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Rep. Bill Wylie dies at reunion
September 13, 2010

Rep. Bill Wylie dies at reunion

By Angelia Davis

A state official regarded as a “leading voice” in the business community has died.

State Rep. William “Bill” T. Wylie, R-Simpsonville, died of a massive heart attack while on vacation in Jackson Hole, Wyo., said Teton County deputy coroner Dave Hodges.

Wylie, 70, died Saturday at the Jackson Lake Lodge, where he was attending a college class reunion, Hodges said.

Members of the House Republican Caucus leadership cited the passing of Wylie as a “tremendous loss for the state of South Carolina.”

Rep. Bruce Bannister, R-Greenville, said Wylie’s death is also a tragic loss for the people of Greenville County.

The former president of sportswear giant Umbro America, president of Stone International, and chief executive officer of Goodwill Industries, is credited for being influential in Southwest Airlines’ plans to begin serving Greenville and Charleston 2011 “That was one of his big things,” said State Rep. Tommy Stringer, R-Landrum, said. “It was a big accomplishment for a first time House member.”

Wylie introduced the air incentives bill, which would make up to $15 million available to South Carolina airports for enhancing air service and recruiting discount airlines such as Southwest.

Southwest announced in May that it intends to serve Greenville and Charleston without any government subsidies.

After the announcement, Wylie told The Greenville News, it had been “a labor of love” to have the bill drafted “as a solution to an economic development impediment to low air fares in our state.”

He said Southwest Airlines saw the effort that was being put into the passage of the bill “by such a large base of public officials” and the efforts paid off with the airline’s announcement.

Quick wit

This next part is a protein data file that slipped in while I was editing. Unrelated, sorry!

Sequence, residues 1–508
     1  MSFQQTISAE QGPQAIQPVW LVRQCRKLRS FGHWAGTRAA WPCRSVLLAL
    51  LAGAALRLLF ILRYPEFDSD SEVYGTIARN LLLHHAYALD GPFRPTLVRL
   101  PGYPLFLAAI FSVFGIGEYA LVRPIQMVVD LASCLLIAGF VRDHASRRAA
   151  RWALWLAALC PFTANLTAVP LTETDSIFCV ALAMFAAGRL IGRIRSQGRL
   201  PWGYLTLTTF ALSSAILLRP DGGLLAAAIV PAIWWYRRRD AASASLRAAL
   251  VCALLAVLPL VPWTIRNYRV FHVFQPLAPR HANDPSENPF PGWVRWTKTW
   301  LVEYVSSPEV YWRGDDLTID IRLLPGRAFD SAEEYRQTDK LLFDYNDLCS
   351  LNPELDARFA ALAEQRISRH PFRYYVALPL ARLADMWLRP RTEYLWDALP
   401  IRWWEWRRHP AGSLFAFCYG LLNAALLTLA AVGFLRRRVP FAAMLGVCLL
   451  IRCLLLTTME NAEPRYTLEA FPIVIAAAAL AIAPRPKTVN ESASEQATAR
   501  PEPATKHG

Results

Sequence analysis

Bannister said Wylie possessed a “quick wit, a great sense of humor and an insatiable drive to make our state a better place.”

“His passion and energy for public service infected all of us in the Greenville County Legislative Delegation,” Bannister said. “He possessed a steadfast conservative zeal for private sector solutions to our state’s problems.

State Rep. Eric Bedingfield, R-Mauldin, who worked with Wylie on trying to bring Southwest to the Upstate, said without question, “Bill was a very honorable man, very dedicated to his family, very dedicated to the state of South Carolina.”

Like many others, Stringer said he was “taken aback” by the announcement of Wylie’s death.

The two men represent parts of Greer, having both run for election to the State House in 2008. Wylie defeated incumbent Bob Leach for the District 21 seat. Leach had been in the House since 1997.

Stringer, who shared a desk with Wylie in Columbia, said his “good friend” brought a “much needed amount of levity to the situation in Columbia. Being a business leader, he had seen all this before. He was not intimidated by the process, and I regret he wasn’t 30 years younger.”

“I think the ramifications of him not being there will be long felt,” Stringer said.

House Majority Leader Kenny Bingham said Wylie’s “years of experience in the private sector gave him tremendous wisdom. Every House member sought his wise counsel on conservative issues.”

Wylie, whose career also included serving as chief executive officer of Cherith Valley Gourmet Preserves, was born in Providence, R.I. He was a graduate of Stanford University.

South Carolina Republican Party Chairman Karen Floyd said Wylie, in just two short years, became known as a “fervent conservative watchdog who fought for South Carolina taxpayers and families.

“It’s a shame that our state will no longer benefit from his hard work and public service,” Floyd said. “We keep the entire Wylie family in our prayers.”

Wylie is survived by his wife, Janie, and three adult children, according to the statement.

Thomas McAfee Downtown is in charge of funeral arrangements. Details have not yet been announced

“I think the ramifications of him not being there will be long felt.”

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